Feb. 7, 2013 -- Jeffrey Allen, an employee of the Chicago Police department, has received court approval to invite other cops to join his lawsuit against the city, demanding overtime pay for required Blackberry and phone use "off the clock."
Allen joined the Chicago Police Department in 1990 and was issued a Blackberry in 2006.
He first filed this lawsuit in 2010 when he was in a specialized unit.
"When he worked in the Narcotics section of Organized Crime, Allen estimated that he would receive one to two off duty telephone calls per day on the Blackberry," a court document stated.
As a non-exempt employee, Allen said he should have been received overtime pay for what he says was required phone and Blackberry use when he was off-duty, under the Fair Labor Standards Act.
On Wednesday, the U.S. District Court judge for the Northern District of Illinois' Eastern Division gave approval for Allen to send notice to potential lawsuit class members asking for consent if they wish to join the lawsuit.
According to a court document filed by Allen, "police personnel holding the rank of lieutenant and below in the Bureau of Organized Crime are 'similarly situated'."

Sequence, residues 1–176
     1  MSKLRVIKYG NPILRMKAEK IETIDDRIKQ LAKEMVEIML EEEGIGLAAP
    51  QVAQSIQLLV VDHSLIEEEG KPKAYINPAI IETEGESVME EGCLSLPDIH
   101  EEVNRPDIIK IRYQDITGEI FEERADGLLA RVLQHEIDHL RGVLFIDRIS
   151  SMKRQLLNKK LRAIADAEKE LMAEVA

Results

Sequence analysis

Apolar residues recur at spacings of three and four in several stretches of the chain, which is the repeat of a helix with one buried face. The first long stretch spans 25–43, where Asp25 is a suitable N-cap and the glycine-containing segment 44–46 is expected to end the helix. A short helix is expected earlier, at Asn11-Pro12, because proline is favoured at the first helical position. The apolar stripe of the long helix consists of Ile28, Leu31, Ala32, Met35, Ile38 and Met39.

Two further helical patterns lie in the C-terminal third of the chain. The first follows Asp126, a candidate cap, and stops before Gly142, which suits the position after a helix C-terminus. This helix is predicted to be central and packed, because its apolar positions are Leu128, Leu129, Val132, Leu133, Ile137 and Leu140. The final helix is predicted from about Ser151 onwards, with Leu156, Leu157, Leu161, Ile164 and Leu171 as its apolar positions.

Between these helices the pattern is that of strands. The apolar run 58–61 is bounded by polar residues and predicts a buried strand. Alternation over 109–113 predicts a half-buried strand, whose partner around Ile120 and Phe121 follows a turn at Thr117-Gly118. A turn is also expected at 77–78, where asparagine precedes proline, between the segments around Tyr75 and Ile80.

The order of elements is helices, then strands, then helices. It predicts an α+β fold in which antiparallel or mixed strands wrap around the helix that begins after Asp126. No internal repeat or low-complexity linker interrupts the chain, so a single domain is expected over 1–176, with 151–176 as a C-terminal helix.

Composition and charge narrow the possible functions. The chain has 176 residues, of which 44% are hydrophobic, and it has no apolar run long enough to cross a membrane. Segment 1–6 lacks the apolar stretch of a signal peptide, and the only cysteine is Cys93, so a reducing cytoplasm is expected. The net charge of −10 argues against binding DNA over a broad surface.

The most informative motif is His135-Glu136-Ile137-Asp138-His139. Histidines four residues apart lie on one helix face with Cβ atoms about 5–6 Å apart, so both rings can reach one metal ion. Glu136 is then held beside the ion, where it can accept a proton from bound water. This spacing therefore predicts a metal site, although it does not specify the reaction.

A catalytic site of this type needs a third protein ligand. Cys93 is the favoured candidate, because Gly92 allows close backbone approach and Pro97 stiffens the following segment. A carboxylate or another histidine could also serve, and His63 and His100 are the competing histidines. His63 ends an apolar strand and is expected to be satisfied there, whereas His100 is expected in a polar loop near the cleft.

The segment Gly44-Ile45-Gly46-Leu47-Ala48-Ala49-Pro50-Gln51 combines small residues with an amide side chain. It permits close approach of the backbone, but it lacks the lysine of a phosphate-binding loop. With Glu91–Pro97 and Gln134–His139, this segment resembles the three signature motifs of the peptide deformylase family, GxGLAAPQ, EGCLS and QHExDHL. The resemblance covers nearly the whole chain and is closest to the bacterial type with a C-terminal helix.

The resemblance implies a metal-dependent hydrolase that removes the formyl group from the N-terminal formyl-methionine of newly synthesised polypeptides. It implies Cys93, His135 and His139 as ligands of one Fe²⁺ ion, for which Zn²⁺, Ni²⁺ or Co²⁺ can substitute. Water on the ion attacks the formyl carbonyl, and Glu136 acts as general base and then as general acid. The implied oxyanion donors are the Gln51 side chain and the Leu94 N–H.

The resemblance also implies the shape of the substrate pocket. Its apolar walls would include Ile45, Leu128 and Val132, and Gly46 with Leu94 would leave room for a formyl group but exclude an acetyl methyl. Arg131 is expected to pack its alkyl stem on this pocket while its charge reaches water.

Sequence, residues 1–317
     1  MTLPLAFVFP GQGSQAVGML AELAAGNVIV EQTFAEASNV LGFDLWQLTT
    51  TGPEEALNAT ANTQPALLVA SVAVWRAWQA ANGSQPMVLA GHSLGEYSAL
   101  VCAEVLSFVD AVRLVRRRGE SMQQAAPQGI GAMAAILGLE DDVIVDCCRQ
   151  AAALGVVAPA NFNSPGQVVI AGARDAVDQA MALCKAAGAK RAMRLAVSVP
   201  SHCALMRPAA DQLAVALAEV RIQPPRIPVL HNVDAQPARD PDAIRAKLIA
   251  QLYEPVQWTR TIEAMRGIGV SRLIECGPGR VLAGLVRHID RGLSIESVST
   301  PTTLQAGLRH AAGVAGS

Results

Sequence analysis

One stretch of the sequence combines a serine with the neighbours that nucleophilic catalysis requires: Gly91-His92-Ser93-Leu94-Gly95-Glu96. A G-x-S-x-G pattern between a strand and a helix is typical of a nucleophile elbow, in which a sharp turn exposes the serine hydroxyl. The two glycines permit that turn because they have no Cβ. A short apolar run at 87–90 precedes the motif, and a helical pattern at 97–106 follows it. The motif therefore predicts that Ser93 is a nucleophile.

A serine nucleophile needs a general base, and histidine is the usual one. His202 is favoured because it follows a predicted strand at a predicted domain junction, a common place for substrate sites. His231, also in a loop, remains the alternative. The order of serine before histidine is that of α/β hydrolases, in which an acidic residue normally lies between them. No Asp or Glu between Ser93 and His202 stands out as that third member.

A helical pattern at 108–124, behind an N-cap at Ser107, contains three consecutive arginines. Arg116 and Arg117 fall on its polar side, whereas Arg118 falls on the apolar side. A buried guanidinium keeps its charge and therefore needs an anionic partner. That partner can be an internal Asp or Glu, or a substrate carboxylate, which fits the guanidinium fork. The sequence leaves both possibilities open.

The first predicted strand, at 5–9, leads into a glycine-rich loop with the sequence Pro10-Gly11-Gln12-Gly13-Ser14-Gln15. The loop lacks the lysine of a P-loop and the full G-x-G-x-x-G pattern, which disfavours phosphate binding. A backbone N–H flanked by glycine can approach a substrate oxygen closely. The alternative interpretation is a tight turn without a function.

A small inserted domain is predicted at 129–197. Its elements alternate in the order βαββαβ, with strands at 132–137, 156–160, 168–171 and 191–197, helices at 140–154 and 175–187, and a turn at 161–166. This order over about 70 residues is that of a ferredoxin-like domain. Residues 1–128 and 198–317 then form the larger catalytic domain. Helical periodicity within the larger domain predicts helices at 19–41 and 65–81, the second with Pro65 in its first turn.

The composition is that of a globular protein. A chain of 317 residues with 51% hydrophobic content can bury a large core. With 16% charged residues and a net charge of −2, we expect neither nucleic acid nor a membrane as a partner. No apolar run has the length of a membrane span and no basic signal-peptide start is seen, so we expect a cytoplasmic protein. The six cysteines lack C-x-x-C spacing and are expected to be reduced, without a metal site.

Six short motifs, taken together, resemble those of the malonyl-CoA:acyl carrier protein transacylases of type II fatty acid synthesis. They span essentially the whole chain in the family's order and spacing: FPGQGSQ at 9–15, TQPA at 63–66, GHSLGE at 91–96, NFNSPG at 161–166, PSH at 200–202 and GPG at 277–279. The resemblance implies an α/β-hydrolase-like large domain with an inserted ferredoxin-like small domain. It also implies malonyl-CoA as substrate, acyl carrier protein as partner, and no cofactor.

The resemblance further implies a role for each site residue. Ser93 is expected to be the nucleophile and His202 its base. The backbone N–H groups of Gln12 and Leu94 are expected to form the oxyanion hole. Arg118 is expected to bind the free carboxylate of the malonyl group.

Allen, now a sergeant with a civil service rank, no longer has a Blackberry, said his attorney, Paul Geiger.
Geiger said that notice will be sent out by Feb. 20 and the officers have until April 8 to decide to join the lawsuit. He said the city will send him a list of possible participants.
Geiger estimates that around 200 people may be in the class, though there are a number of people who have left the unit or retired.
There will be a status hearing to report to the judge after the April 8 deadline.
City officials did not respond to attempts to seek comment on the suit.
"We're asking them to be paid for the work that they have done," Geiger said. "And in the future, we're asking that if the employer wants an employee to work while they're off-duty, that they are going to pay for it. No longer can the Chicago police department get its employees to work for free."
Geiger said it is unclear how many hours Allen worked off-duty.
Allen sometimes received over 1,500 emails a month and conducted long phone conversations, which are easier to quantify, Geiger said.
"He never turned the Blackberry off and would sleep with it on, charging next to his bed," according to a court document. "Allen did this because there was always the potential for an important email, text, or phone call to come through notifying him of something that needed to be taken care of immediately. There were several times when messages would come in when Allen was sleeping, but it was rare."